ORA-06502: PL/SQL: numeric or value error ORA-06512: at “SCHEMA_NAME.PLAN_CONVERT_CLOB_TO_VARCHAR”, line 15 ORA-02063: preceding 2 lines from DB_LINK

    (have changed my schema name and dblink for words)

  2. jiri says:

    it’s a bit harder to guess what is not working, what is somewhat good on this solution is that you can test it in between.

    1. Did you try to replicate my sample above or used it on your data?
    2. Can you run this query on remote server with no issues? select * from myRemoteData
    3 Can you run this query on local server with no issues? myRemoteData@remoteserver

  3. -Ash- says:

    Hi,

    thanks for your response,

    I have used it on my own data, which can be found here: http://forums.oracle.com/forums/thread.jspa?threadID=1108492&tstart=15

    when i run the query on the remote sever it displays this error: “PL/SQL: numeric or value error%s”

    when i run the query on the local server it displays the same error.

  4. jiri says:

    it’s kinda hard for me to recreate it … my guess is that this returns error as well, correct?

    SELECT * FROM TABLE(PLAN_CONVERT_CLOB_TO_VARCHAR)

    can you try to change the first function and pull one or two records which have clean (non-null) dates and clobs (basically change the query below)

    SELECT MON_SQL_ID, MON_PROG_DATE, MON_SQL_PLAN from monitored_sql_plan

  5. -Ash- says:

    Hi, sorry for the late reply.

    this code still errors:
    SELECT * FROM TABLE(PLAN_CONVERT_CLOB_TO_VARCHAR)

    i changed the query to this:

    SELECT MON_SQL_ID, MON_PROG_DATE, MON_SQL_PLAN from monitored_sql_plan where MON_SQL_ID = 1

    as this row has all clean (non-null) data.

    in the local server, the SELECT * FROM PLANMYREMOTEDATA statement now returns data for all the rows in the MON_SQL_ID and MON_PROG_DATE columns, and for the row ‘where MON_SQL_ID = 1’ , it returns MON_SQL_PLAN column, showing all other columns as null.

  6. jiri says:

    I am out of town for few days. I won’t be able to recreate your setup till next week.

    1. Can you send me DDL of your source table and if possible few dummy records

    2. Did you try 1st solution with temporary table? I was using it heavily with apex for few years with great success

  7. -Ash- says:

    Hi, no worries, i think i have worked out how to get round NULL values in the CLOB column.

    In the function on the remote server, i added: ‘where is NOT NULL;’ after the select statement, Firstly to just test the data to see if it would bring up just the values that weren’t NULL, but it actually returned all the rows (including NULL values) when i queried it in APEX. Happy Days!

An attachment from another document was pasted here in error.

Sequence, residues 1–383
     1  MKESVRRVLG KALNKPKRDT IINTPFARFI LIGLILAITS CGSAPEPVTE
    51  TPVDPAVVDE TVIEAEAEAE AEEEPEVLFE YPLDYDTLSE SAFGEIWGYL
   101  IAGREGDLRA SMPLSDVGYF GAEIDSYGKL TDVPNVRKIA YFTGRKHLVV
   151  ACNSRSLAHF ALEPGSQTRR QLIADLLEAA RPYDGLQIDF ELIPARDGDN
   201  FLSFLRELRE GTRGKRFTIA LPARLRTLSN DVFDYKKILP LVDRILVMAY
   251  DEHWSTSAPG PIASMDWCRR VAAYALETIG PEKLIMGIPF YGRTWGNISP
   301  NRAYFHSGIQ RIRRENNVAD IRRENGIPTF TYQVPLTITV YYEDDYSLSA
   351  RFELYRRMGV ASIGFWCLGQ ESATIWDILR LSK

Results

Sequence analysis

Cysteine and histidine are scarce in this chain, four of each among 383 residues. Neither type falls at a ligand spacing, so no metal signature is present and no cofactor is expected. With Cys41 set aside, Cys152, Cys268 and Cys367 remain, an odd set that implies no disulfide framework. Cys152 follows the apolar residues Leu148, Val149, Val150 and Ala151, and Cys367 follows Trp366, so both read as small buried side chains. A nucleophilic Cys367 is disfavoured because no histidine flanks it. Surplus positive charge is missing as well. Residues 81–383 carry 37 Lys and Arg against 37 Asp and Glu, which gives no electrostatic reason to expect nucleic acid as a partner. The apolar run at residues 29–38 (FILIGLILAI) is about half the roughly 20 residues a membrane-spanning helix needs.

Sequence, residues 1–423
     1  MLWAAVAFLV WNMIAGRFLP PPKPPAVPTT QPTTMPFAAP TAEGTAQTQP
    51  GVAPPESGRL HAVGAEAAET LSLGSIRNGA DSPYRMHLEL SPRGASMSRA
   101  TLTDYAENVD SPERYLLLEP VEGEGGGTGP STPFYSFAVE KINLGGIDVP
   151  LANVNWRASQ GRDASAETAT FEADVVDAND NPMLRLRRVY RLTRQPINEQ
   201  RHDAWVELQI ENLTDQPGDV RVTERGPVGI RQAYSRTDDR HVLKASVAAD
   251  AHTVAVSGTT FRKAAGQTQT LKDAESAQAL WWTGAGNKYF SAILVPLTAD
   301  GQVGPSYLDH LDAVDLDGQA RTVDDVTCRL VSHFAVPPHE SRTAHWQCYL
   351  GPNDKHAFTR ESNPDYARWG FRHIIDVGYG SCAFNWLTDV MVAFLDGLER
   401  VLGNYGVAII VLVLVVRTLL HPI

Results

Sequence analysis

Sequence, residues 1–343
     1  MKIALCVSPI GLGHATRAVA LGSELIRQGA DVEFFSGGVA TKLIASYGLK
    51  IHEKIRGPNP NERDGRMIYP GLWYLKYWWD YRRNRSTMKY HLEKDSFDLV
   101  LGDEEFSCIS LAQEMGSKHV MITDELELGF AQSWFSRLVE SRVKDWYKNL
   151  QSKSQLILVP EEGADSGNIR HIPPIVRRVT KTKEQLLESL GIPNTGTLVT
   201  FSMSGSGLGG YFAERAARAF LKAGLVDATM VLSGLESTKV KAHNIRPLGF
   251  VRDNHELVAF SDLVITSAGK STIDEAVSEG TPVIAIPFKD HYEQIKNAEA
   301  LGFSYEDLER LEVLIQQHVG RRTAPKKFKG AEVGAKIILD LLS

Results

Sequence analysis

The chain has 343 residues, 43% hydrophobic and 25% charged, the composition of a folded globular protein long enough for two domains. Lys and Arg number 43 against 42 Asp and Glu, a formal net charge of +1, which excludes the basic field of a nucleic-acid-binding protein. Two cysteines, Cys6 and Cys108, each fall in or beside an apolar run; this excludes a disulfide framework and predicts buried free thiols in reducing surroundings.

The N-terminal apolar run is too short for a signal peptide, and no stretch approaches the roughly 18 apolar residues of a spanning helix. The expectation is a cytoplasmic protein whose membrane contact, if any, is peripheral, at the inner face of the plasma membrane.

FOR cur IN (SELECT MON_SQL_ID, MON_PROG_DATE, MON_SQL_PLAN from monitored_sql_plan where MON_SQL_plan is not null)

    I tried using the temporary table solution but i had no luck whatsoever with that.

    Thanks for all your help!

    Ashleigh

  8. Andrey says:

    v_varchar_size number := 2000;

  9. Vishal says:

    I am trying to use the same concept but not working for me. Could you please help me out in finding the issue or what i am doing wrong.

    CREATE OR REPLACE TYPE myTableType as table of varchar2(4000);

    CREATE OR REPLACE FUNCTION F_VARCHAR_TO_BLOB (input_table_of_varchar myTableType) RETURN BLOB IS
    PRAGMA AUTONOMOUS_TRANSACTION;
    v_blob BLOB;
    BEGIN
    FOR i IN 1..input_table_of_varchar.COUNT
    LOOP
    v_blob := v_blob || input_table_of_varchar(i);
    END LOOP;
    RETURN v_blob;
    END;

    CREATE OR REPLACE VIEW myRemoteData as
    SELECT a.ENTRYID,
    F_VARCHAR_TO_BLOB( CAST(MULTISET(SELECT b.MYBLOB_AS_VARCHAR
    FROM myRemoteData@T3T2 b
    WHERE a.ENTRYID = b.MYID
    ORDER BY MYORDER ) as myTableType)
    ) C1201032010
    FROM B282C1201032010@T3T2 a;

    insert into archive_b288c1201032010 select * from myremotedata

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  11. Celeste says:

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  12. Your post dates waaay back to 2010, yet it still holds relevance today. Search found your article for me and helped me figure out something I once thought not possible. You present a clever (working) workaround for Oracle DBLinks and large objects or custom user types. There is a similar solution out there within the Oracle tutorials, yet there are reports that it is lacking and doesn’t produce anything that works. Way to go!

  13. Flado says:

    You may want to go the “lateral LOB” route in your remote view definition – this way any predicates on the non-CLOB columns will be applied before the clob-to-varchar function gets called with a parameter (either the ROWID from the table or the CLOB itself). Details here: https://jonathanlewis.wordpress.com/2008/11/19/lateral-lobs/